Howard Arons, of Stamford, for the Plaintiffs.
Joseph J. Rinaldi and Charles N. Wexler, both of Stamford, for the Defendant.
Memorandum of decision on appeal from the action of the Board of Zoning Appeals of the City of Stamford, denying the appeal of the plaintiffs from the refusal of the building inspector to grant a building permit.
Plaintiffs are co-partners in the business of instructing students in flying light sea-planes. For this purpose, they have leased a tract of land located on the east branch of Stamford harbor. The planes used by them are equipped with pontoons, and land on and take off from the adjacent harbor waters. When not in use they are stored on the grounds referred to. On April 9, 1941, plaintiffs applied to the building inspector of the City of Stamford for a permit to construct a railway to facilitate the movement of such planes from the land into, and onto it, from, the water. This, it was proposed, would consist of two rails with cross-bars between them laid on the surface of the leased land, extending from the mesne high water line to the channel. On April 10, 1941, the building inspector denied plaintiff's application. Thereupon, plaintiffs appealed to the Board of Adjustments or Appeals (hereinafter referred to as "the board"), under the provisions of paragraph 1 of section XV of the Zoning Regulations of the City of Stamford which authorize the board to "hear and decide appeals where it is alleged there is error in any order, requirement or decision made by the building inspector in the enforcement of [the] regulations." On June 4, 1941, the board advertised, and held, a hearing upon what they mistakenly considered to be plaintiffs' complaint, viz., an application that the body vary some requirement of the regulations under paragraph 11 of section XV of the Zoning Regulations, to permit construction of the mentioned railway, and under that misapprehension denied the same. Plaintiffs, on the erroneous assumption that the board had acted on such appeal, appealed to this court, stating their grievance to be the action of the board in sustaining the building inspector in his refusal to issue the building permit to them. When, during the trial, it developed that the board had not made any decision upon the subject-matter of plaintiffs' appeal to them but instead had denied them relief for which they had not applied, the court suggested that the proceedings suspend and that the board hear and decide the appeal preferred to them which was still pending before them.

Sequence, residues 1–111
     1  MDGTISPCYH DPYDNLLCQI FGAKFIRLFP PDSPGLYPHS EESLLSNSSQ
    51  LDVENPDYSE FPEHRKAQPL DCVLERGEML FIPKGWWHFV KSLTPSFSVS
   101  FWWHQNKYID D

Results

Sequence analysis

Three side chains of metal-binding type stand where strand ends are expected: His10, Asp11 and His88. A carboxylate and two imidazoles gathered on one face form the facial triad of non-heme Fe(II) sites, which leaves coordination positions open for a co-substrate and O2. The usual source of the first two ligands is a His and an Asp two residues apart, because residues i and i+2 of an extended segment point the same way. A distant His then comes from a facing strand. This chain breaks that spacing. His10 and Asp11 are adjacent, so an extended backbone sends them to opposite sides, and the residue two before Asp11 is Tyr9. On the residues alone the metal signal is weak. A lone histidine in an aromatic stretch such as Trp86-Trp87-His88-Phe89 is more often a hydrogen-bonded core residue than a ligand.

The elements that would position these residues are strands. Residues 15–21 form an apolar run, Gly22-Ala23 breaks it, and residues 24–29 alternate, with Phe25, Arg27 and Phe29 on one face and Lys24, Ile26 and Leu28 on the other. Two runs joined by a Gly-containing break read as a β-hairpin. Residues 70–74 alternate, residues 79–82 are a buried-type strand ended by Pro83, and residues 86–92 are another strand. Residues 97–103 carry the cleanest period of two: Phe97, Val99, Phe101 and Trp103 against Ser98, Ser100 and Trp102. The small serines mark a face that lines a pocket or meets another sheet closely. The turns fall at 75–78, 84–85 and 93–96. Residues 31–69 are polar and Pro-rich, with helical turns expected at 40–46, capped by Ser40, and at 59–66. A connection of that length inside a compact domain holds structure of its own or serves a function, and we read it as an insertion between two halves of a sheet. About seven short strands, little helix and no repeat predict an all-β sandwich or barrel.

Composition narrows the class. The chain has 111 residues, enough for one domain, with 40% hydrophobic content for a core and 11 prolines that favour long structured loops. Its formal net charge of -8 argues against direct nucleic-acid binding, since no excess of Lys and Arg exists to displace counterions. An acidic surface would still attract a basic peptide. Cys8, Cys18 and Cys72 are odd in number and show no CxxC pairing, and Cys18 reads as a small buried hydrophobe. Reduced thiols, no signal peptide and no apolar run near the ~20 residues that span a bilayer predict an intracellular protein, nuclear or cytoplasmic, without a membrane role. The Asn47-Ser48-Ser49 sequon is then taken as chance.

Counsel for the parties then orally stipulated in open court that (a) the Board of Appeals should forthwith call a meeting, preceded by due notice thereof to consider and determine plaintiffs' appeal from the refusal of the building inspector to issue the building permit applied for; (b) that in event that the board should sustain the action of the building inspector the plaintiffs should forthwith appeal from such decision to this court and, the defendant then waiving all formalities and procedural requirements, the matter should be brought to the attention of the same judge who presided over the trial so interrupted, who should hear it as soon as possible thereafter; and, (c) that at such hearing, the evidence already presented which was addressed to the validity of the board's assumed action in sustaining the building inspector, should be received in so far as material and relevant on such appeal. The trial was then suspended and the court ordered the partially heard cause to remain on the docket awaiting further developments. Thereafter, at a meeting held by the Board of Appeals on March 4, 1942, upon notice duly given, the board, after hearing had, denied plaintiffs' appeal from the refusal of the building inspector to issue to them the building permit in question.